Column: How Hydraulic Fracturing Has Helped the US Lead on Climate
As representatives from around the world work to finalize an agreement in the last few days at the Paris COP21 climate conference, it is important to acknowledge the fact that hydraulic fracturing and the increased use of natural gas has done more to reduce greenhouse gas (GHG) emissions than any other government scheme or agreement.
Without adopting stringent policies such as the Kyoto treaty or cap-and-trade, the United States, the largest economy in the world, has the distinction of being the only country in the world to significantly reduce its greenhouse gas emissions. That is why, in his address to world leaders at COP21, President Obama was able to tout that the “advances we’ve made have helped drive our economic output to all-time highs and drive our carbon pollution to its lowest levels in nearly 2 decades.”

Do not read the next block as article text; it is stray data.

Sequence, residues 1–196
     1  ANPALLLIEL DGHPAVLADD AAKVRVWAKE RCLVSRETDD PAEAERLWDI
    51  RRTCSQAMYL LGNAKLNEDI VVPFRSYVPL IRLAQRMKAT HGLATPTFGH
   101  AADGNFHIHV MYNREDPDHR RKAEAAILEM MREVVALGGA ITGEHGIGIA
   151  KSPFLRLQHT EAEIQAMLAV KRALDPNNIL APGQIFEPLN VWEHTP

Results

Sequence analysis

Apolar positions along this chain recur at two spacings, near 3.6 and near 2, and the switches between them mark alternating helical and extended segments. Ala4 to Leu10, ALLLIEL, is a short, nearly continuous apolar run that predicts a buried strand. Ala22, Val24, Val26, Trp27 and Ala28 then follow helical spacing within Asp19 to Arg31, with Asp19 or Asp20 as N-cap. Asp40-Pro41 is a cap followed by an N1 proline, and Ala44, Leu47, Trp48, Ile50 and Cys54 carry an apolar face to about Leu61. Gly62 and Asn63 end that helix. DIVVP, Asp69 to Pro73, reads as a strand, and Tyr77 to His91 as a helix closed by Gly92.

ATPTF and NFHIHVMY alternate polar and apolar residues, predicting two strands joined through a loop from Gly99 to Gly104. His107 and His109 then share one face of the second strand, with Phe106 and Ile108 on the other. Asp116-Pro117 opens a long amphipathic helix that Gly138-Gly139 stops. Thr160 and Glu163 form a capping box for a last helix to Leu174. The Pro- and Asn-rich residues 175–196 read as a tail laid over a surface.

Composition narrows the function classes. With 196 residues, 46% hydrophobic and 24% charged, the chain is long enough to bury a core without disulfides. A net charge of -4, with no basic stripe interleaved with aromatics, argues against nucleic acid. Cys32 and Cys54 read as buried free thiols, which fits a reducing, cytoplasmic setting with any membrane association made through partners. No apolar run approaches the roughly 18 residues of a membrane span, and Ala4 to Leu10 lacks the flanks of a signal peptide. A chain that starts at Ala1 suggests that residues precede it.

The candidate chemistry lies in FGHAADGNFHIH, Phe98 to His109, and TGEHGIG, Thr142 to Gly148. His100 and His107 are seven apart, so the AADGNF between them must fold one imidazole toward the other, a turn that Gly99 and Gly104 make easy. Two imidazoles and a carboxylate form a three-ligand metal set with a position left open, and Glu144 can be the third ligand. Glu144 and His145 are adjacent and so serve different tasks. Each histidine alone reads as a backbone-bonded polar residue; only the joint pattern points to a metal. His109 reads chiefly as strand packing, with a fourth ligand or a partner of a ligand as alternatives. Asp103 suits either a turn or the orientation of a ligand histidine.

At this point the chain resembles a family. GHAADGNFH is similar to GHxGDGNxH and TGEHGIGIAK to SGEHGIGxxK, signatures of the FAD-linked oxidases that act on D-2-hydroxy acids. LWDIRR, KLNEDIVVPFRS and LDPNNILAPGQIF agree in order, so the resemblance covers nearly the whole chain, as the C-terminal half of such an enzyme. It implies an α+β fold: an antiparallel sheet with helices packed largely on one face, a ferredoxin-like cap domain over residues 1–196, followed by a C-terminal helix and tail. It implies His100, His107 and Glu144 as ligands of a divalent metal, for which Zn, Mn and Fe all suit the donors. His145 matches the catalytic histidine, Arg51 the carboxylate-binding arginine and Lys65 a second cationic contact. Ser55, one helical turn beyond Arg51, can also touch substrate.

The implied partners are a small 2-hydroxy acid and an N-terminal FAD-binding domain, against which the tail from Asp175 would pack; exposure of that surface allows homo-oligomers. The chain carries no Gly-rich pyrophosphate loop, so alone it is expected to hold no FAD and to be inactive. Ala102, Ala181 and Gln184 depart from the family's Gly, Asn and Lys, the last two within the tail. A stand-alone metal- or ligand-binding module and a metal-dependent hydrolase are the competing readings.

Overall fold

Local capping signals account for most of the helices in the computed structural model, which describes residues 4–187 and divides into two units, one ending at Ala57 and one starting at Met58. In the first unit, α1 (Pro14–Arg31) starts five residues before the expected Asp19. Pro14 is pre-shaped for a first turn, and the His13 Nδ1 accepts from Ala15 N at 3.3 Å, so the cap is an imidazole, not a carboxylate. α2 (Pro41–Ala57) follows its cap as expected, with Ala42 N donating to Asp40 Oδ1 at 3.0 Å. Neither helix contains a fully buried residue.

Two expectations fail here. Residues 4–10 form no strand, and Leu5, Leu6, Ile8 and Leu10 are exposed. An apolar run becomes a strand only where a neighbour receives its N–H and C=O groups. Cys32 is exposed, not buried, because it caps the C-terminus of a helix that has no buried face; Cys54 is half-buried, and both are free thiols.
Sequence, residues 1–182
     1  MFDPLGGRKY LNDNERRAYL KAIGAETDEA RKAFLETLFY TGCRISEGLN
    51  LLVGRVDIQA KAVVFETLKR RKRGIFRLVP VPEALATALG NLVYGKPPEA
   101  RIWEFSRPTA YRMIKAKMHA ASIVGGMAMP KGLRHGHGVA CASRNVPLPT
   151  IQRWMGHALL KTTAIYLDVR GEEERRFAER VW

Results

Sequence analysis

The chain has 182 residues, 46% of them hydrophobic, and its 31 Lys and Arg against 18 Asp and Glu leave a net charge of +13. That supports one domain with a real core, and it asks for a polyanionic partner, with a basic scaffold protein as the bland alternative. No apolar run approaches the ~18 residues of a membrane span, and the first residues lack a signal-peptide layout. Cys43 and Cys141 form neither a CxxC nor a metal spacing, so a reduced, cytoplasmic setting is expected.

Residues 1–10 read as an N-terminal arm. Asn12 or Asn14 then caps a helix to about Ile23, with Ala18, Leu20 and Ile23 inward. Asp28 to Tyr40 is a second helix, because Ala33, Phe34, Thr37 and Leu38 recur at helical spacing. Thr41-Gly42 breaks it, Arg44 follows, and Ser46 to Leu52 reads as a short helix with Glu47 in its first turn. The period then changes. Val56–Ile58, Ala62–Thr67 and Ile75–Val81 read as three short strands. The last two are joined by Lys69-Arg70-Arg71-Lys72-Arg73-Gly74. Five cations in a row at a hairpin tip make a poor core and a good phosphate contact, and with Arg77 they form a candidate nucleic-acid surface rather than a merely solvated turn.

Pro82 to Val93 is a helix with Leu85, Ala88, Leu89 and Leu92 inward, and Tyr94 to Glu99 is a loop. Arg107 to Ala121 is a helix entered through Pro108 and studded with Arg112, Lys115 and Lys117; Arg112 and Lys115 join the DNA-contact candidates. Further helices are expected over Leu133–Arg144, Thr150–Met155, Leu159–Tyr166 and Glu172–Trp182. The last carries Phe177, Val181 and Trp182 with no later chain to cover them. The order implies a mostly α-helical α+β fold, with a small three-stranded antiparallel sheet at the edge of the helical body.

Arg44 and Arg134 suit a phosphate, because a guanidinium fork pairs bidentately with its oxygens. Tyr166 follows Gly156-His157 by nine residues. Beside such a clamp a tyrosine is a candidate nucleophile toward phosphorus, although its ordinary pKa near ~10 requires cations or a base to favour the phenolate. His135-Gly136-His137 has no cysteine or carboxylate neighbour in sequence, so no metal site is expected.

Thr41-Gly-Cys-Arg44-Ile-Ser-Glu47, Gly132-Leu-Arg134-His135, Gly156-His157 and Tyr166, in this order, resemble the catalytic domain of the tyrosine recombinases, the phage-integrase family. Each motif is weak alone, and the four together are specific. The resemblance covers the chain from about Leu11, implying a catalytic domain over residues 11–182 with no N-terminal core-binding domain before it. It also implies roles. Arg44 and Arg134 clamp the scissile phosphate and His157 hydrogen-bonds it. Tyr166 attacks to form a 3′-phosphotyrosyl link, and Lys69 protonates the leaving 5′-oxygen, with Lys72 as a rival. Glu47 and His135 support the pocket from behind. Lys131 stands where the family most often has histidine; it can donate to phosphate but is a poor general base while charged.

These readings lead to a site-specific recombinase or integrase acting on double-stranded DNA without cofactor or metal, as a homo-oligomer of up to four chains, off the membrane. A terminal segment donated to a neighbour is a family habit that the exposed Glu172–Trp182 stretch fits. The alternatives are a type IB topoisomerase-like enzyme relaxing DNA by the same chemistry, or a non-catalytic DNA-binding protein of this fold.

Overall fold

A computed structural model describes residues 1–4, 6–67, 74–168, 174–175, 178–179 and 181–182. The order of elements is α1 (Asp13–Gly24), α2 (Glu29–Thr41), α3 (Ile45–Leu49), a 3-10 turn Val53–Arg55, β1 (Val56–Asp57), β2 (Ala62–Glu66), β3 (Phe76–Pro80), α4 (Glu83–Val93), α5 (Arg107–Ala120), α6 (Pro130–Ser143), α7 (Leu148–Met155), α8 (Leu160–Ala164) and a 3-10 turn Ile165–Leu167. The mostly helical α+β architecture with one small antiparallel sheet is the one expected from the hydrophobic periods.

The evidence of shale gas’ enormous role in reducing emissions is all around us. In fact, the world’s most prominent climate scientists, the UN Intergovernmental Panel on Climate Change, has credited the hydraulic fracturing boom and US natural gas for the great progress that has been made on climate change: “A key development since AR4 is the rapid deployment of hydraulic fracturing and horizontal-drilling technologies, which has increased and diversified the gas supply and allowed for a more extensive switching of power and heat production from coal to gas; this is an important reason for a reduction of GHG emissions in the United States.”